| 3.6/5 |
| Works by Kate Chopin, Classical Studies books|
"A Pair of Silk Stockings" is a short story written by Kate Chopin. Published in 1897, the story follows Mrs. Sommers who, prefers spending a windfall on herself, rather than on her children
A Pair of Silk Stockings Wikipedia
Mrs. Sommers comes into the small fortune of $15. After a few days of reflection, she decides to use the money to purchase clothing for her children so they may look "fresh and dainty and new for once in their lives." That narrative suggests that Mrs. Sommers had been before her marriage a wealthy woman, but now "needs of the present absorbed her every faculty."
An exhausted Mrs. Sommers rests at counter where she will begin her shopping adventure. There she finds a pair of silk stockings for sale and is entranced by their smoothness. "Not thinking at all," she disregards her plans of procuring clothes for her children and instead spends her money and her afternoon for herself. She purchases boots to go with her stockings, gets fitted for gloves, reads expensive magazines while lunching at a high-class restaurant, and ends her day sharing chocolates with a fellow theatre goer.
After the play ends, she boards the cable car to return home with "a poignant wish, a powerful longing that the cable car would never stop anywhere, but go on and on with her forever."
The story was first published in Vogue. Chopin chose to write for Vogue because the magazine was uncharacteristically "fearless and truthful" for the 1890s in its depiction of women and their lives. Scholar Emily Toth observes that many of Chopin's boldest stories were published in Vogue, including "The Story of an Hour". Vogue published these stories so earnestly that, Toth suggests, it gave Chopin the decidedly false impression that American reviewers would be accepting of her coming scandalous The Awakening.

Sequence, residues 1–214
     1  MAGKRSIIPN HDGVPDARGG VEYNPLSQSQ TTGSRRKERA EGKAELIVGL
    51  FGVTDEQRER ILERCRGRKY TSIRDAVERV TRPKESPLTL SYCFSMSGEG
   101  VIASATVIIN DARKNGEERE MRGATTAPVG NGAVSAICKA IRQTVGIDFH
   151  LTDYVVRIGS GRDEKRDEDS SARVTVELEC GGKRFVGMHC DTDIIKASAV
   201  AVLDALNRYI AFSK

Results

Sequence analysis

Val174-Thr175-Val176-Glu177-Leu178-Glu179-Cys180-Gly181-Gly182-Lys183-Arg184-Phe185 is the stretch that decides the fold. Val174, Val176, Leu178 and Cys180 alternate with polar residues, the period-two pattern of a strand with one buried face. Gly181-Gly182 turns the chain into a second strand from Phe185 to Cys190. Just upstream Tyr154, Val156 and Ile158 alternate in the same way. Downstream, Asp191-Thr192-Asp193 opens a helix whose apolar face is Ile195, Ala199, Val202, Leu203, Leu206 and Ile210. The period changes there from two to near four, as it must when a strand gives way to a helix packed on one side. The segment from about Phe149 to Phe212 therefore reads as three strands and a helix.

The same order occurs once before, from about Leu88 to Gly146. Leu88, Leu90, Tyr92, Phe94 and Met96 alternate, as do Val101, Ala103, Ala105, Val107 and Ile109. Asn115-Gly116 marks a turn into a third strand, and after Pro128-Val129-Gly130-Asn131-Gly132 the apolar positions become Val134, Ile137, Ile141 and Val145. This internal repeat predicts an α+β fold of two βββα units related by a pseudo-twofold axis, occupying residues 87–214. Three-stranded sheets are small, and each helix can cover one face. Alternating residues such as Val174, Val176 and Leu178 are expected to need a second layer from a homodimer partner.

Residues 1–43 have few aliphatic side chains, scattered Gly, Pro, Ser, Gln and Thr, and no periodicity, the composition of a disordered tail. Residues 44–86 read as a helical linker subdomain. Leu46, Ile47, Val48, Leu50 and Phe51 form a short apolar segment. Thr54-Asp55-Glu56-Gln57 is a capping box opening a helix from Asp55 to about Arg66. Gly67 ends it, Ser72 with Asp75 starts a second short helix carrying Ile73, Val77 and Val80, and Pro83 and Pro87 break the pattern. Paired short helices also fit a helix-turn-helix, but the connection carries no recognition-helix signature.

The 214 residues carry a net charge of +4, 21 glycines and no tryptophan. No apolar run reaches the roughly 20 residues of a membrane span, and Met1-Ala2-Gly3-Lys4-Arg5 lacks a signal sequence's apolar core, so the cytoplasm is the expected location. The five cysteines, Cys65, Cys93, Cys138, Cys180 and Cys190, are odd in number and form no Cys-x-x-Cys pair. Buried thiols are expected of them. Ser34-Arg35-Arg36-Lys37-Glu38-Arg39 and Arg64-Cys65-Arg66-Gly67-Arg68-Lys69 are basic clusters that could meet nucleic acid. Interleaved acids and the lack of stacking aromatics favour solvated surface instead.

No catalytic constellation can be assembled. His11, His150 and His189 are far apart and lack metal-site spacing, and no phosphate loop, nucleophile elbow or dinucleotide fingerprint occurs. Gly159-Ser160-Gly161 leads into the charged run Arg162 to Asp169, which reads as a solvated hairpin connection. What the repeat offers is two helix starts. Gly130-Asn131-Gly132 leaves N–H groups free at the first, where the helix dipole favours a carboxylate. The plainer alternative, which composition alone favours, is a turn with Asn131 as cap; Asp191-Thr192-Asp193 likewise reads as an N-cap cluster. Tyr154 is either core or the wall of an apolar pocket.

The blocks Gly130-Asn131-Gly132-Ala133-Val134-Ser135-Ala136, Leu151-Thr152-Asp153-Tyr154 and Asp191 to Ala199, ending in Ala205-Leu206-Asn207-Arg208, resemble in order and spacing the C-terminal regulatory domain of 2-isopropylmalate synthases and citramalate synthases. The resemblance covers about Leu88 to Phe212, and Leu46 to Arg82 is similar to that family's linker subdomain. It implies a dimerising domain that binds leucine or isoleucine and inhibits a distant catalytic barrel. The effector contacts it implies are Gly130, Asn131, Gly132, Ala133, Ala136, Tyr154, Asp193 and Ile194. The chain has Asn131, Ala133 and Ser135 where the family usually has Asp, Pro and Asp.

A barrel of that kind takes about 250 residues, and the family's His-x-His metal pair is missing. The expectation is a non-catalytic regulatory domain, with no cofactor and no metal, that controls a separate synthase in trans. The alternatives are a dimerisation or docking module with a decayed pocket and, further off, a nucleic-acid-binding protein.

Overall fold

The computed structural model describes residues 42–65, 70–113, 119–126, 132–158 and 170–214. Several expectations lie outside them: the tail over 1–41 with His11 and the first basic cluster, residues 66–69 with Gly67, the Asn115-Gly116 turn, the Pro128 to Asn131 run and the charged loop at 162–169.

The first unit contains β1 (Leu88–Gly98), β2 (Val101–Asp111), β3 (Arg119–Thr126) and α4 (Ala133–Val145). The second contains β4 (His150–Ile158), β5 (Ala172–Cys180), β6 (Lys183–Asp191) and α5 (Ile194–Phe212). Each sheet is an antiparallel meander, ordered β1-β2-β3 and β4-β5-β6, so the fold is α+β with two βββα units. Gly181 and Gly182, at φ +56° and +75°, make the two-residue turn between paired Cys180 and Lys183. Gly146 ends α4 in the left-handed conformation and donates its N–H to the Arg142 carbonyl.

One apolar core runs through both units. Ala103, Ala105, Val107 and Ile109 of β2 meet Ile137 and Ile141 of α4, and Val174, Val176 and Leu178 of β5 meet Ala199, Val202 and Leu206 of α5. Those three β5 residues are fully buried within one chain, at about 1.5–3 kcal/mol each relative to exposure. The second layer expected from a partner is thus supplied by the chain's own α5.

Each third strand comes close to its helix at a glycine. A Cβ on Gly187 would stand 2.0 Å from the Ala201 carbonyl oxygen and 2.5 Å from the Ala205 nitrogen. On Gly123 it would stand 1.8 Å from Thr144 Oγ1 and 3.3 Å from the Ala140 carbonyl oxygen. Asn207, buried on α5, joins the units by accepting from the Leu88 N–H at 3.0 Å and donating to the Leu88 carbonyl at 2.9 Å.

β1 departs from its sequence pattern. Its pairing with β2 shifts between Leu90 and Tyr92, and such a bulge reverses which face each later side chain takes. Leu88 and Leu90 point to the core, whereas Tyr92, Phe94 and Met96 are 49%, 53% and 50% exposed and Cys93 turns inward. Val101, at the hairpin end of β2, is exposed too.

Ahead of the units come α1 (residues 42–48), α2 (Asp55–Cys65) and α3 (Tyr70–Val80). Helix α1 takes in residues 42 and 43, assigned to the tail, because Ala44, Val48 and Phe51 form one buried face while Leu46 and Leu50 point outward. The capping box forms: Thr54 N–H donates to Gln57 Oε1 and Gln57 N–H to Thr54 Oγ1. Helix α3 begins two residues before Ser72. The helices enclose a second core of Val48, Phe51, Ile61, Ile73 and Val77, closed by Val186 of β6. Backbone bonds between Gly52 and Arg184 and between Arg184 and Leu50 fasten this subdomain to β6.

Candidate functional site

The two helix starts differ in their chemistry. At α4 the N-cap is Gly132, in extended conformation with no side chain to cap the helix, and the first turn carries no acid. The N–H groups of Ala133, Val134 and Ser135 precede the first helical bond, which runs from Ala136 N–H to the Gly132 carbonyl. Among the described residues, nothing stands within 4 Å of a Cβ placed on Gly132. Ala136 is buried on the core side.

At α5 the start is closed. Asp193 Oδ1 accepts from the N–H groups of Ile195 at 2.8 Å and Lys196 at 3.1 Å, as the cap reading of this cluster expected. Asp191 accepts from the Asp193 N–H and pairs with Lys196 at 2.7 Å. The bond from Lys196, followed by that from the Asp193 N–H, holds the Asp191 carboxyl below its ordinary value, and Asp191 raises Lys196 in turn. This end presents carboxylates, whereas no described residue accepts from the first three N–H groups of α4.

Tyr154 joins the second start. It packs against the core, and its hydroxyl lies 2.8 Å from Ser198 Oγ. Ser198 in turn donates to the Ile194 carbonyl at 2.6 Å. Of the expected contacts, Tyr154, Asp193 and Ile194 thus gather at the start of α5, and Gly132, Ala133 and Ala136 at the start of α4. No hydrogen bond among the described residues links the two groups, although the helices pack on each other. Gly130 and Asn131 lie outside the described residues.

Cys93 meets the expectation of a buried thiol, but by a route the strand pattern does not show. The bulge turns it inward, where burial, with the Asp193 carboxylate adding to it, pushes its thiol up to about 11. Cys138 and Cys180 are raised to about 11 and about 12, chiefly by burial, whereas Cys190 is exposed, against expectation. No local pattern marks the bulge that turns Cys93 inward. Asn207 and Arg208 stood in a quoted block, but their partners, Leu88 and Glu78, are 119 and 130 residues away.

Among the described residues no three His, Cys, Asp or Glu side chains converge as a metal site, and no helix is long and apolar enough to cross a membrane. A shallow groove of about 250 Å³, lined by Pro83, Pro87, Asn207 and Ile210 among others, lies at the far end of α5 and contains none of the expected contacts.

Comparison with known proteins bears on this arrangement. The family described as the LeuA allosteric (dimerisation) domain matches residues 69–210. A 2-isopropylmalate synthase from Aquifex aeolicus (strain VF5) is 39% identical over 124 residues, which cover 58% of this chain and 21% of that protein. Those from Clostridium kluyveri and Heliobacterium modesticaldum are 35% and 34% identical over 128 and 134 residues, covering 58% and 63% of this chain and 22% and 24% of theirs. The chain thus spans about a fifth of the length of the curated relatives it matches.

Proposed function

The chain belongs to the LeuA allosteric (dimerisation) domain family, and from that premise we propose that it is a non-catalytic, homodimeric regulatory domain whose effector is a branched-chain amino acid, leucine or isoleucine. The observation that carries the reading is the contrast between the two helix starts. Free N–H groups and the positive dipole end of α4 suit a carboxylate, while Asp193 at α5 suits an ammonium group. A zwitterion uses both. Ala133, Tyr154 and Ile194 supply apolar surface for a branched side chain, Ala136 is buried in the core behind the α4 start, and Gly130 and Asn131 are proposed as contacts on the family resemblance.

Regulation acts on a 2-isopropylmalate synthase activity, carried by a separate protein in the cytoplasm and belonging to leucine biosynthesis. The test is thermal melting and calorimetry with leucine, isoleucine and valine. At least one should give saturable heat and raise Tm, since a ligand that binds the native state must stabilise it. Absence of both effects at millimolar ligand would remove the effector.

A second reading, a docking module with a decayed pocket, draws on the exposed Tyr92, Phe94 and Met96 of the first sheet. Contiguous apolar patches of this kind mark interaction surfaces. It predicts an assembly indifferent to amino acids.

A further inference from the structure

Allen Stein argues that serpentine silk stockings represent the empty consumerism that Mrs. Sommers uses to try to escape her life. Chopin critic and biographer Barbara Ewell concurs, and calls the story "a small masterpiece." She posits that "the power of money to enhance self-esteem and confidence is the core" of the narrative. Describing Mrs. Sommers as "little," Chopin refers to more than her physical stature. The neighbors are all aware of what Mrs. Sommers' social standing had been before her marriage, and see how her marriage has reduced her. On the day of her shopping trip, Mrs. Sommers' physical exhaustion also mirrors the weakening of her self resolve. Until she finds the stockings, Mrs. Sommers has been able to maintain her selflessness. But the temptation proves too much and she succumbs to the "mechanical impulse that directed her actions and freed her of responsibility"—words which prefigure Edna Pontellier in Chopin's later novel The Awakening. Mrs. Sommers' sojourn into a materialistic world brings her confidence, but her experience, just like the matinee she finds there, is ultimately transient. Mrs. Sommers' brief moment of happiness, Ewell suggests, must end as it does for many of Chopin's characters.